IEA (2021c), World Energy Outlook 2021, OECD Publishing, https://doi.org/10.1787/14fcb638-en.

OECD (2021a), Economic Policy Reforms 2021: Going for Growth: Shaping a Vibrant Recover, OECD Publishing, https://doi.org/10.1787/3c796721-en.

OECD (2021b), Financial Markets and Climate Transition, https://www.oecd.org/finance/Financial-Markets-and-Climate-Transition-Opportunities-Challenges-and-Policy-Implications.pdf.

OECD (2021c), OECD Economic Outlook, Interim Report September 2021: Keeping the Recovery on Track, OECD Publishing, https://doi.org/10.1787/490d4832-en.

OECD (2021d), The Inequalities-Environment Nexus, https://www.oecd-ilibrary.org/environment/the-inequalities-environment-nexus_ca9d8479-en.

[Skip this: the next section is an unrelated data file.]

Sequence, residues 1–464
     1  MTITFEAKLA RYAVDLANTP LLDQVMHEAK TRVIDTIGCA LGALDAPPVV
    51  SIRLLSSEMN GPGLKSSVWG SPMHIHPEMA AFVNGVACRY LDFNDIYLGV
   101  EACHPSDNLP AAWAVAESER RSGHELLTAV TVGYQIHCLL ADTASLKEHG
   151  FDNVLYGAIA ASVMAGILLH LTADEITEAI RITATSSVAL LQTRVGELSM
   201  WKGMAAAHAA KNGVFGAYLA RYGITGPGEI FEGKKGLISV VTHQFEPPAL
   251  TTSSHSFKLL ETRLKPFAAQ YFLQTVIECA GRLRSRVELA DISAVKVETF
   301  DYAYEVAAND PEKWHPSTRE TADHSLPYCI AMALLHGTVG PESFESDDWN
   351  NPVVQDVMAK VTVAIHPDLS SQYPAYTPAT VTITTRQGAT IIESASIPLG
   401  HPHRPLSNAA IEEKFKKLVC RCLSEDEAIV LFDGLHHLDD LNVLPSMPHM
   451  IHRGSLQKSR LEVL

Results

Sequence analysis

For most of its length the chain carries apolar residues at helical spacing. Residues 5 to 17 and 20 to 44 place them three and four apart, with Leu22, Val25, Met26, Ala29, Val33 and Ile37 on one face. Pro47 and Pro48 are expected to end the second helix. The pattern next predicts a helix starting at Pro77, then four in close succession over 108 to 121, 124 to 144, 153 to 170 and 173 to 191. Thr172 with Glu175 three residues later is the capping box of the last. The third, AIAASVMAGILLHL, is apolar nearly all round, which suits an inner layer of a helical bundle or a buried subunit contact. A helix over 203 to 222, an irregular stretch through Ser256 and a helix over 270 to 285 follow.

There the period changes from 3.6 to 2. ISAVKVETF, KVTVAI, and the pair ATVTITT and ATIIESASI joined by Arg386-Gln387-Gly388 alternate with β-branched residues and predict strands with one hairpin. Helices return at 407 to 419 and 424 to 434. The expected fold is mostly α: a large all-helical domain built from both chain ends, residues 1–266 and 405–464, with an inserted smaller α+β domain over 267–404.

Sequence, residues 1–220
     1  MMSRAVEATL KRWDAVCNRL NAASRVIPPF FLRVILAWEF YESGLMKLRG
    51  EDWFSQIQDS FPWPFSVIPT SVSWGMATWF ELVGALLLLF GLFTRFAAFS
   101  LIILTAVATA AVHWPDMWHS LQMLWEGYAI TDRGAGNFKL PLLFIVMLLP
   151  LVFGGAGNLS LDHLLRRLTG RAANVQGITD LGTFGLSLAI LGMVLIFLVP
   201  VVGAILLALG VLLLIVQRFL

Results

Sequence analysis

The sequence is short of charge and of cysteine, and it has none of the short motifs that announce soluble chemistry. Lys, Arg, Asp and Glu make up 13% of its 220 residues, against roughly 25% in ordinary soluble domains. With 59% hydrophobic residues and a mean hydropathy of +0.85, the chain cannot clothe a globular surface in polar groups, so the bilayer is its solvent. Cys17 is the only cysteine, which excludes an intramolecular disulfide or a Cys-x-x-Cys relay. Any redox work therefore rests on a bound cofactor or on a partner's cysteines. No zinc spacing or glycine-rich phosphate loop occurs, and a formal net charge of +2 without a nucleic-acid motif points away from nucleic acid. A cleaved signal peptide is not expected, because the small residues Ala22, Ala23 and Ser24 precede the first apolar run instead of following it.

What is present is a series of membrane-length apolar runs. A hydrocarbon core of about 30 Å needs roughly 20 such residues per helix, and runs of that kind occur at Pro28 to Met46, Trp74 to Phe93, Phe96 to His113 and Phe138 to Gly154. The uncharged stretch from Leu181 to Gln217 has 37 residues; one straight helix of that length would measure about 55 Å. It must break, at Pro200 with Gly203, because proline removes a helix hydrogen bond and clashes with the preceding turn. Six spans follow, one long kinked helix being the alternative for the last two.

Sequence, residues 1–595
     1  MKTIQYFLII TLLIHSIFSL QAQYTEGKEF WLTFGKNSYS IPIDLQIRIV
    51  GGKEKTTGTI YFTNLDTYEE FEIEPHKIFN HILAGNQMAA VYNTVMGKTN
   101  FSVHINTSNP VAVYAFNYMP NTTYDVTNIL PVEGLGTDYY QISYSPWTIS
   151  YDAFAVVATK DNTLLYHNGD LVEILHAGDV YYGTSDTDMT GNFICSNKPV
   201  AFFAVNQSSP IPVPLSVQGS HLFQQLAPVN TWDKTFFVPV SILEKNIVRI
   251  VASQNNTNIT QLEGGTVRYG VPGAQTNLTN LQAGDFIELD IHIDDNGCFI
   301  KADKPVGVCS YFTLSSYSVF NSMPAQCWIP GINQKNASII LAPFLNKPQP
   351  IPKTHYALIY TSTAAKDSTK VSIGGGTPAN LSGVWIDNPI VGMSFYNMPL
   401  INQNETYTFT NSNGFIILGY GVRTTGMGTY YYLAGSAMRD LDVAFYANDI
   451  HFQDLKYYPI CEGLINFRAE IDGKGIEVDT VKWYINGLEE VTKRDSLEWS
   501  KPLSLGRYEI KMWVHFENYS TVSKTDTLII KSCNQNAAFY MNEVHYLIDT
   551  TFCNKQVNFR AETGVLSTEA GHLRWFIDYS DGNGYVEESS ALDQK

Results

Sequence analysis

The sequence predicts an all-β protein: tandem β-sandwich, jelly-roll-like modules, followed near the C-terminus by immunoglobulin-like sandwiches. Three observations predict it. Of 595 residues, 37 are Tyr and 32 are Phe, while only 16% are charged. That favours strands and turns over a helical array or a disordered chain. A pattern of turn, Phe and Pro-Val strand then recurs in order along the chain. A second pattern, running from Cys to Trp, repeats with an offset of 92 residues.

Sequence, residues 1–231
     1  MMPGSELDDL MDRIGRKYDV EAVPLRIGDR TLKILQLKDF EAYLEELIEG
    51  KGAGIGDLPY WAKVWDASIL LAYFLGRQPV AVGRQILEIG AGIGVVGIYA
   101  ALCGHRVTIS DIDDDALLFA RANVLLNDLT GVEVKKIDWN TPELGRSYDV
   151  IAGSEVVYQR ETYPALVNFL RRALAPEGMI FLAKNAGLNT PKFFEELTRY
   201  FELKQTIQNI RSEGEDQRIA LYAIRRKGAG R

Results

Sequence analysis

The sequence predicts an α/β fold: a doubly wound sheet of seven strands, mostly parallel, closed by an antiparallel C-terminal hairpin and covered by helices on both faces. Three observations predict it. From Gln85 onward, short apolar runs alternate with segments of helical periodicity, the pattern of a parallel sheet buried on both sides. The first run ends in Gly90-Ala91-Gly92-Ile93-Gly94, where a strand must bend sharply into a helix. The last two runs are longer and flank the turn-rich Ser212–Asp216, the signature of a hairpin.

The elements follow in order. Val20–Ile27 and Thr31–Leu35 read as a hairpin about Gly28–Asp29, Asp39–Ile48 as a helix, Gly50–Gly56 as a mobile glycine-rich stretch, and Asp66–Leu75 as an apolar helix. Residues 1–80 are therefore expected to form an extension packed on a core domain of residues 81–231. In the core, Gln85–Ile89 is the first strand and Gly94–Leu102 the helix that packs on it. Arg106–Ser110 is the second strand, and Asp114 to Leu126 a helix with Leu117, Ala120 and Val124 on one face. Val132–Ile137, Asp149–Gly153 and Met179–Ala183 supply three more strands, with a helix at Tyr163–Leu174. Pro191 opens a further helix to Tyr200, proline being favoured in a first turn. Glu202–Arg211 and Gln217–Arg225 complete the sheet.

OECD (2015e), Aligning Policies for the Low-carbon Economy, https://www.oecd.org/fr/gov/aligning-policies-for-a-low-carbon-economy-9789264233294-en.htm.

Politico (2021), Soaring power prices drive anxiety over EU climate plans, https://www.politico.eu/article/soaring-power-prices-anxiety-eu-climate-plans/.

Vona, F. (forthcoming), Managing the Distributional Effects of Environmental and Climate Policies: The Narrow Path for a Triple Dividend.